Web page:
"We stabilized and treated the wounded and secured the area," said Butler, adding that Miller made sure the scene was secure and the wounded were taken away by medivac before he left the area and returned to Kabul.

Razik was a particularly powerful figure in southern Kandahar and a close U.S. ally despite widespread allegations of corruption. He ruled in Kandahar, the former Taliban heartland, with an iron fist and had survived several attempts to kill him, including one last year that resulted in the death of five diplomats from the United Arab Emirates.

Raziq's killing "may have major implications on the security situation in southern Afghanistan. As the chief of police in Kandahar, he has kept a lid on the Taliban's insurgency, which has intensified over the past several years," analyst Bill Roggio wrote in the Long War Journal.

The Taliban have vowed to disrupt Saturday's parliamentary elections, warning teachers and students not to allow schools to be used for polling and warning Afghans to stay away from the polls.

Within hours of the attack, Afghan President Ashraf Ghani addressed the nation to assure Kandahar residents it was safe to go to the polls. In an AP interview, his adviser, Ziaulhaq Amarkhil said the attack was meant to disrupt elections and urged voters to defy Taliban threats, saying casting their ballot "would be a big slap on the face of the enemy."

At a news conference in the Afghan capital, Afghanistan's Army Chief Gen. Mohammad Sharif Yaftali said additional troops had been moved from neighboring Helmand province to Kandahar.

Pakistan's new prime minister, Imran Khan, and its military chief condemned the assault.

"The people and the security forces of Afghanistan have been paying a heavy price due to continued instability and threats from the enemies of peace," Khan said in a statement. "Pakistan stands by the government and the people of Afghanistan in their quest for lasting peace and stability."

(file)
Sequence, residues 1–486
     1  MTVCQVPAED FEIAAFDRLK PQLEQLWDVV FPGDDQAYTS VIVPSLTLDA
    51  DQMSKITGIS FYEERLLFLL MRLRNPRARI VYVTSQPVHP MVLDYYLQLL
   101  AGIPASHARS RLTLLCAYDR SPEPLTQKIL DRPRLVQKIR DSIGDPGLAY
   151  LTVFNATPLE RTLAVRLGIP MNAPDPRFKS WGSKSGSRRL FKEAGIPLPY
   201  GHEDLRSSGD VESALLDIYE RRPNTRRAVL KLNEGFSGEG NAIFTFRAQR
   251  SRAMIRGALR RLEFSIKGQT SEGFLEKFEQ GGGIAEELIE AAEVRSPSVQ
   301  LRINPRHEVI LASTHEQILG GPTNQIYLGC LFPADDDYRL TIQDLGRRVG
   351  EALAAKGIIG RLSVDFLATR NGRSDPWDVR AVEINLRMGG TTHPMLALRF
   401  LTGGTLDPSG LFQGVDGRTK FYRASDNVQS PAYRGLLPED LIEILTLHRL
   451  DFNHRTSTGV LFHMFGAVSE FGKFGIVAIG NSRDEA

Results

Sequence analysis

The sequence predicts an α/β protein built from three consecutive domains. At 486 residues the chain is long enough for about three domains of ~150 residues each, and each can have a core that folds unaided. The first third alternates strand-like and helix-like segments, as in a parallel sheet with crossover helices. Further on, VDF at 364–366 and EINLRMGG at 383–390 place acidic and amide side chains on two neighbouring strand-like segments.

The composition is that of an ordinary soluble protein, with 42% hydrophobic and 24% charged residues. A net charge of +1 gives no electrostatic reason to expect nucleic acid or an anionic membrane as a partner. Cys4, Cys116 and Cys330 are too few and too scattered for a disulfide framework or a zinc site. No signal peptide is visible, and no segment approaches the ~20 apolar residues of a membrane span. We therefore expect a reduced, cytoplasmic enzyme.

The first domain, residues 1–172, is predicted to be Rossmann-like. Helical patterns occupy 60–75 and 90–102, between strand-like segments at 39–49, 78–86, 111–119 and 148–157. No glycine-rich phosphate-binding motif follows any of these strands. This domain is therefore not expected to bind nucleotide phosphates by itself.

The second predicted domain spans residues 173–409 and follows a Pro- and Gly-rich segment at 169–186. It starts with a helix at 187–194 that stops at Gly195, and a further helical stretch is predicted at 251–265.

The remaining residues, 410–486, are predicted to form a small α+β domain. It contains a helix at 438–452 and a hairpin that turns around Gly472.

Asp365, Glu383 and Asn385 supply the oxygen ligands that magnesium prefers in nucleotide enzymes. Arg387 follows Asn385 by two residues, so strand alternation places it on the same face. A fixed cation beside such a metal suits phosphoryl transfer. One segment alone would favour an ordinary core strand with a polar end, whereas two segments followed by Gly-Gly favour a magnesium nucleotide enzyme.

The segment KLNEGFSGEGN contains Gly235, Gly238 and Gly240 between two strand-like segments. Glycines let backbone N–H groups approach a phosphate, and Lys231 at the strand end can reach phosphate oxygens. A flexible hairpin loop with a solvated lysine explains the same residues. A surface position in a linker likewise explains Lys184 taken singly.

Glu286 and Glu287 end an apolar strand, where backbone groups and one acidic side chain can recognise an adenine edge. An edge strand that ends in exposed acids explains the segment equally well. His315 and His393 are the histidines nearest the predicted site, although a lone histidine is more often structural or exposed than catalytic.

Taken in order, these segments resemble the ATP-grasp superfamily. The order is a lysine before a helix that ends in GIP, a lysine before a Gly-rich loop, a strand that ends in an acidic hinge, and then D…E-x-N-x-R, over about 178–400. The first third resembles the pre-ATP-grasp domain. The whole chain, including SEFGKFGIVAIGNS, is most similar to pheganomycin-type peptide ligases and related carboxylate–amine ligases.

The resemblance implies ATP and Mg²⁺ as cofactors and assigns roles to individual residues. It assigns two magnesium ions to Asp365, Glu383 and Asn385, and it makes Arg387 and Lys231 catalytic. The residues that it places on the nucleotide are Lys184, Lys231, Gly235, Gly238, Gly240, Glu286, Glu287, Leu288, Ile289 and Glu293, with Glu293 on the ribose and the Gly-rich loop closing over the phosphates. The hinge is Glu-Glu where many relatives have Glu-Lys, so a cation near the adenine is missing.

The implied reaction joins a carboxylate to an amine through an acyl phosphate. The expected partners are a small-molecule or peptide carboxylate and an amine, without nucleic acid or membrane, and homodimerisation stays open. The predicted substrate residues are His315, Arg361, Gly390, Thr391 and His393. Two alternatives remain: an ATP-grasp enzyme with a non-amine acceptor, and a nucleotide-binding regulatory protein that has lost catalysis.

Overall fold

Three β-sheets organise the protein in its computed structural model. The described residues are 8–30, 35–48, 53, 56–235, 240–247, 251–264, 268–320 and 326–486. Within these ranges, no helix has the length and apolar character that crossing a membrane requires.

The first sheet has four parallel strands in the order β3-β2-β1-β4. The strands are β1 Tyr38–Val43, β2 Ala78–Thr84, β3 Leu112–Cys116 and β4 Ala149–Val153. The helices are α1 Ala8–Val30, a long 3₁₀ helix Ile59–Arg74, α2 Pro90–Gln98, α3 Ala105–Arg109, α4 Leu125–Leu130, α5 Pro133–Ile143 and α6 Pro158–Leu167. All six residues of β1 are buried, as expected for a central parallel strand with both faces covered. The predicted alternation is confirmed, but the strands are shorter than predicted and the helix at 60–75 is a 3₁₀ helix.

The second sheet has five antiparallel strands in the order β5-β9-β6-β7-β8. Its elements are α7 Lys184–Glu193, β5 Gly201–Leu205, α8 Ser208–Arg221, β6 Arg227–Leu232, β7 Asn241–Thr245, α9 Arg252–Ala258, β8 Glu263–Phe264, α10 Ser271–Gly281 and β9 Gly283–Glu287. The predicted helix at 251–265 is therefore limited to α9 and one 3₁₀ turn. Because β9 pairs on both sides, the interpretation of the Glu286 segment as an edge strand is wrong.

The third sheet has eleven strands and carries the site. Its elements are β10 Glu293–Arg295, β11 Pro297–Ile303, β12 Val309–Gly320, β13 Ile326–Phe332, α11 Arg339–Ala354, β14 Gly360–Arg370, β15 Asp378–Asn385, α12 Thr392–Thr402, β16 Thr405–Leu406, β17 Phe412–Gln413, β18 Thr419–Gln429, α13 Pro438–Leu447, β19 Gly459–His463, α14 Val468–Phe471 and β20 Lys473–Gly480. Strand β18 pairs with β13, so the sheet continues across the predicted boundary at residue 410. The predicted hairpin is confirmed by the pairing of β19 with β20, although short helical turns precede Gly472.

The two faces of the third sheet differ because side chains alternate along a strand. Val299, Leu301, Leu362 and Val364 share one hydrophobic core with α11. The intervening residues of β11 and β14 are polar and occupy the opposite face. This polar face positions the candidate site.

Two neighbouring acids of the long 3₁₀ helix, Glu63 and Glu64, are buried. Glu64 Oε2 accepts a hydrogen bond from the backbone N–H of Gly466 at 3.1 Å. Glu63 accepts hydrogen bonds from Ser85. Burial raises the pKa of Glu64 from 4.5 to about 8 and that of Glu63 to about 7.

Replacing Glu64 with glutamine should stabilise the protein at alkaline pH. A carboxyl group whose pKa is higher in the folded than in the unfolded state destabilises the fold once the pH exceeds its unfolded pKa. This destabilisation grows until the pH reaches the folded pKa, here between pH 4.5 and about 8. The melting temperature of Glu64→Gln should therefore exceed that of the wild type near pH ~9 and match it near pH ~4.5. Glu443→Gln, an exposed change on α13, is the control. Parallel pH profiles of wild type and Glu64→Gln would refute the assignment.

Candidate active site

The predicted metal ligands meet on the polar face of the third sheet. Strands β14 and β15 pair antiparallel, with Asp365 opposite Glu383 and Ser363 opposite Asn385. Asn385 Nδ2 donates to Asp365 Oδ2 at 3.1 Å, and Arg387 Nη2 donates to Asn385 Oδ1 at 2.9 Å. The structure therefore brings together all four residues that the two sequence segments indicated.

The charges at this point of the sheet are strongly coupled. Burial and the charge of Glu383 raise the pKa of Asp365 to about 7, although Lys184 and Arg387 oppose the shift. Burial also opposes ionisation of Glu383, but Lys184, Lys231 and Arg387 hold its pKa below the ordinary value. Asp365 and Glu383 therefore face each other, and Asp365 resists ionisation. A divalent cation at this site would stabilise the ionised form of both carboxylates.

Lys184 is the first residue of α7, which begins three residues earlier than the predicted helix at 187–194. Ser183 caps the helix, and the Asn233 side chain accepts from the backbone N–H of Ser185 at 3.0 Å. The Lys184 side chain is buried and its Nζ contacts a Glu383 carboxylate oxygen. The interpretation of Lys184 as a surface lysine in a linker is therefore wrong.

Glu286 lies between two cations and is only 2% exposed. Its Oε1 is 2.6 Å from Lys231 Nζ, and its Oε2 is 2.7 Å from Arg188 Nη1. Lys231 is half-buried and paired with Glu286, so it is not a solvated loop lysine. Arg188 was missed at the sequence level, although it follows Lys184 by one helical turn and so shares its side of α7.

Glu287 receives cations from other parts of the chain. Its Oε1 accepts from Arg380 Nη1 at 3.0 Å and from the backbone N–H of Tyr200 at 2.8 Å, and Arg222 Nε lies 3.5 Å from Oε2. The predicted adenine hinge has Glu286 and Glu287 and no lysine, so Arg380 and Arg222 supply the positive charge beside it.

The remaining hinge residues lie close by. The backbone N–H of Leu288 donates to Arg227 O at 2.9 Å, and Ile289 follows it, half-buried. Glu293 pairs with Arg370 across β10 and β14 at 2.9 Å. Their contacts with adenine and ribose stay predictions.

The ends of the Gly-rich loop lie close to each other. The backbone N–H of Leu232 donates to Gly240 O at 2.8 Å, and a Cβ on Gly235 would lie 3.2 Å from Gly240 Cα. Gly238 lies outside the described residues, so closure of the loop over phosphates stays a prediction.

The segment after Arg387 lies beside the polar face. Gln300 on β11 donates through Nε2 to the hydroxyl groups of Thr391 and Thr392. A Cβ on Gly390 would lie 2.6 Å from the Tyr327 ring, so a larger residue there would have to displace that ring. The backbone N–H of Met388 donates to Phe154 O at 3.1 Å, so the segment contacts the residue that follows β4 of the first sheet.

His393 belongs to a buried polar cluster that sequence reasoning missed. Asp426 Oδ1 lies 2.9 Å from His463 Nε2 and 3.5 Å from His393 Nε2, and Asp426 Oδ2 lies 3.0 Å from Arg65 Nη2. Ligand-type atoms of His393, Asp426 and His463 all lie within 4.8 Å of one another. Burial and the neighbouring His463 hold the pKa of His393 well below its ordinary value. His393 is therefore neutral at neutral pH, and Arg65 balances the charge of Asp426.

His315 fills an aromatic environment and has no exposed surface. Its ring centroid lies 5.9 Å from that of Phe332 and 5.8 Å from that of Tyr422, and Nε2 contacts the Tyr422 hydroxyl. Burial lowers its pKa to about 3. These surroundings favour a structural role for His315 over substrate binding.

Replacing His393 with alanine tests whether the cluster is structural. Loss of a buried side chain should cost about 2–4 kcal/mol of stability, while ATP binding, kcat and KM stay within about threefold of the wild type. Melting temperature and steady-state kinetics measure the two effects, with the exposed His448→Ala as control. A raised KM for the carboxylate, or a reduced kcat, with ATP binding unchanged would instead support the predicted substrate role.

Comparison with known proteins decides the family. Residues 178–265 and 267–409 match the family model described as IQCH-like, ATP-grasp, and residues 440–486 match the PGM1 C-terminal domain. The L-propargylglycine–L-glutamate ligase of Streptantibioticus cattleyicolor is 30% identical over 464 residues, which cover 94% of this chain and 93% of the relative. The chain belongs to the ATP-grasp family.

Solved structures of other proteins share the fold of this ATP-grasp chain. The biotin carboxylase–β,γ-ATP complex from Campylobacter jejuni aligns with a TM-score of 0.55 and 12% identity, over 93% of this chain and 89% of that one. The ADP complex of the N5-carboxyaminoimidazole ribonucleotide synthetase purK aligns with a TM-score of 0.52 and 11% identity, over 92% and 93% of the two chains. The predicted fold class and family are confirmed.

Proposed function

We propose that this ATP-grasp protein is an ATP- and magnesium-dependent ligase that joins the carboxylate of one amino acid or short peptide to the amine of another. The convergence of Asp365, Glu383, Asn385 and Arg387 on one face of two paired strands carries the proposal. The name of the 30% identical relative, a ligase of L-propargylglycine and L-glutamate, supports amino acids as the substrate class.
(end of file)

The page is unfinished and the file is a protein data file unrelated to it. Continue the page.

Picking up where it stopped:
Security has been steadily deteriorating in Afghanistan with increasingly brazen attacks being carried out by insurgents and Afghanistan's security forces have been on high alert ahead of Saturday's elections.

Late Wednesday, a NATO convoy was attacked near the Afghan capital, killing two civilians and injuring five Czech troops, Afghan officials and the Czech military said Thursday.

The attack in the Bagram district of Parwan province, also wounded three Afghan civilians, said Wahida Shakar, spokeswoman for the provincial governor.

The Taliban claimed responsibility for the attack in Bagram, which is the home of a sprawling U.S. military base.

In recent months, Afghan troops have come under near-daily attacks. NATO troops, which handed over security to Afghan forces at the end of 2014, mostly train and assist with air power. So far this year, eight U.S. soldiers and three other NATO service members have died in Afghanistan.

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Associated Press writers Lolita Baldor in Washington and Karel Janicek in Prague contributed to this report.